When California placed a one-year limit on the length of teacher preparation programs back in 1970, there were no personal computers, tablets or smart phones; no online classes or Common Core standards; and not nearly as many English learners in public schools. Recognizing that these graduate programs can’t squeeze in an additional 40 years of knowledge and change into a one-year program, a state panel is recommending that the cap be lifted, among a range of other proposed changes intended to modernize and strengthen how teachers are prepared for the classroom.
The California Commission on Teacher Credentialing will begin considering 40 reforms Thursday proposed by its Teacher Preparation Advisory Panel (TAP), charged with updating the requirements to become a fully credentialed teacher.
via Vast reforms proposed for teacher credential programs – by Kathryn Baron.
By Corinne Muelrath / commentary
California, now more than ever, is facing an urgent need for qualified and talented professionals to enter our teaching workforce. At a time when one-third of California’s educators are nearing retirement, school districts are going to need the thousands of teachers entering the profession through alternative certification programs, which allow candidates to teach in the classroom while simultaneously earning their teaching credential. This is not the time for hasty policy decisions that threaten to further dismantle the state’s Learning to Teach System. Eliminating guaranteed funding will result in increased tuition fees for those entering the teaching profession.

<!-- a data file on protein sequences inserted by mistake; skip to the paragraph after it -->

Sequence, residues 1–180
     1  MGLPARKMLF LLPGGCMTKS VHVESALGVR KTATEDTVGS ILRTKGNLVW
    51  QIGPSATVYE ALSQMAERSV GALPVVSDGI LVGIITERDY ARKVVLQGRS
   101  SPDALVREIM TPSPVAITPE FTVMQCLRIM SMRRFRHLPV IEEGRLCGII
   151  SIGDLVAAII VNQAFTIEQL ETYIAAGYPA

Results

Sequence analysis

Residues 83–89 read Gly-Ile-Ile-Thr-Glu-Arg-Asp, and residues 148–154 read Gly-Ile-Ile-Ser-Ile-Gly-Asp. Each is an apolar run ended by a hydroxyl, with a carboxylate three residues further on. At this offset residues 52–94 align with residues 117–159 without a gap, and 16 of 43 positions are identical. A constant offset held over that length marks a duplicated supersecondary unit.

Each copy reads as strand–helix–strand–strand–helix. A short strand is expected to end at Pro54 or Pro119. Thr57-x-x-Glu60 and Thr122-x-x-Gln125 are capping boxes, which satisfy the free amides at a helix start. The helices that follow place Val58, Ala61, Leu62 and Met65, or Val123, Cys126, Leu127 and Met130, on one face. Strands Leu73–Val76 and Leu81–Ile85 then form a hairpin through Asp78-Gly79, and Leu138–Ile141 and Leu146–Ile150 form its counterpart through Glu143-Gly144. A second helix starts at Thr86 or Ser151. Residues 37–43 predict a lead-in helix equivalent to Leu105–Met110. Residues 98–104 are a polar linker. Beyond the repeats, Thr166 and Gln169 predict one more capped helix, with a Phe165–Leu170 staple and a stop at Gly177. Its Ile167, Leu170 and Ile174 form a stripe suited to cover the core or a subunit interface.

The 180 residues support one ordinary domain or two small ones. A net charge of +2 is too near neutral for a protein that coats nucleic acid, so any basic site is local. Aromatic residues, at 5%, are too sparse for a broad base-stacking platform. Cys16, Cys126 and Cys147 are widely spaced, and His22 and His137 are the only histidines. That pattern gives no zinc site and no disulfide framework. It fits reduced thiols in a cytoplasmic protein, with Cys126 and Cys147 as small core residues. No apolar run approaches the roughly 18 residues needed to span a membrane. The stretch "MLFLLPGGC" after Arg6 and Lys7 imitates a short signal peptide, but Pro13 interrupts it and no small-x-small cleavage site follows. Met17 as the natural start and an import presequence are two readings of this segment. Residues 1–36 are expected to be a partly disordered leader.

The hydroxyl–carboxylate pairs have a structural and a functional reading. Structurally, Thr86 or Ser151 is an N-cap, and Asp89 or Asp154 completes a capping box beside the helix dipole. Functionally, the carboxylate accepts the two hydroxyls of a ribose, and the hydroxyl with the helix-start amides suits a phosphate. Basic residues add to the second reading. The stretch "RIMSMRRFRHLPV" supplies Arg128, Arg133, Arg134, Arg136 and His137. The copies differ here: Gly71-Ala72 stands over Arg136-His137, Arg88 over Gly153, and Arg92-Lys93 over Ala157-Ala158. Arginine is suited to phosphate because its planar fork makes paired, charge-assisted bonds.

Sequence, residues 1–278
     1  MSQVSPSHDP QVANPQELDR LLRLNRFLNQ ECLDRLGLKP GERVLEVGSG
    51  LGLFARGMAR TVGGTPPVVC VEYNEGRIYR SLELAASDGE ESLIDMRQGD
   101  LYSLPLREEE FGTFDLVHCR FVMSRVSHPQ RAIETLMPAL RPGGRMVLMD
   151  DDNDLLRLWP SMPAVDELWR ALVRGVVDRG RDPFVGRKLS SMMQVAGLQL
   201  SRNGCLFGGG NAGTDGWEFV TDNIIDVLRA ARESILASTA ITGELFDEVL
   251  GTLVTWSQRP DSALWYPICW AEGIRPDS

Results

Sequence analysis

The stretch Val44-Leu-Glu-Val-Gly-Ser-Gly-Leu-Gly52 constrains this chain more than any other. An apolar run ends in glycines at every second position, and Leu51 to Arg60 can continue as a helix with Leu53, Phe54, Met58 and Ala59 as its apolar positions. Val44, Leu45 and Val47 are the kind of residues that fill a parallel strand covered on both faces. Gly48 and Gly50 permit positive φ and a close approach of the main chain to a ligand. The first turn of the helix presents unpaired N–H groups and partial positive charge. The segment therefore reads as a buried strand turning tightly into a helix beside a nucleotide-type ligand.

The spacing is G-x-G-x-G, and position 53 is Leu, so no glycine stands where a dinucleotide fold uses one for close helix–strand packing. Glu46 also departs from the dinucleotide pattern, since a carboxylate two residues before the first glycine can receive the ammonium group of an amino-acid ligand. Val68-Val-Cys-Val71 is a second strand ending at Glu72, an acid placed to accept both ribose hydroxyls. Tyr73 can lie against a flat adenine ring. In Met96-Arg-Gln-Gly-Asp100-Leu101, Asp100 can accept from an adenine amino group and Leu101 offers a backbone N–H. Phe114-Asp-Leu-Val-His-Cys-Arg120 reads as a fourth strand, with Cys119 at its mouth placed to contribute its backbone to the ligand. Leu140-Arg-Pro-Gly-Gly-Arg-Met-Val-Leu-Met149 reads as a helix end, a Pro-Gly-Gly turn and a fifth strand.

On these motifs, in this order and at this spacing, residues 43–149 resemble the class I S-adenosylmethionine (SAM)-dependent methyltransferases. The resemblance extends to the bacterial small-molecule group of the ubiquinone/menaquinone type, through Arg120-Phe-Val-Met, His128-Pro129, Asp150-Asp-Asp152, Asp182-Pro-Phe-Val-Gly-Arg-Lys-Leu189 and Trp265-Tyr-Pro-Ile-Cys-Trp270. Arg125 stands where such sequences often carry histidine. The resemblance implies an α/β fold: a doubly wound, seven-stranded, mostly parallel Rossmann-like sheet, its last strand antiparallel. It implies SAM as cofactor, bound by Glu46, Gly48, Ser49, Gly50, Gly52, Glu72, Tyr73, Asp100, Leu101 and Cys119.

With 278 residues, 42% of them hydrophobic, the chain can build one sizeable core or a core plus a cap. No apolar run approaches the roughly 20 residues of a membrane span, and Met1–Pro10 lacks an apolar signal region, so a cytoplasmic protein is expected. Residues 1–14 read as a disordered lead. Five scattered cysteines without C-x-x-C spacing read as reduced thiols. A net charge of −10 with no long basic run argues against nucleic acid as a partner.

via California needs alternative certification now more than ever – by Corinne Muelrath / commentary.
Consider whether accreditation activities need to be restarted in 2013-14. If restarted, establish fees to recover the full cost of accreditation activities.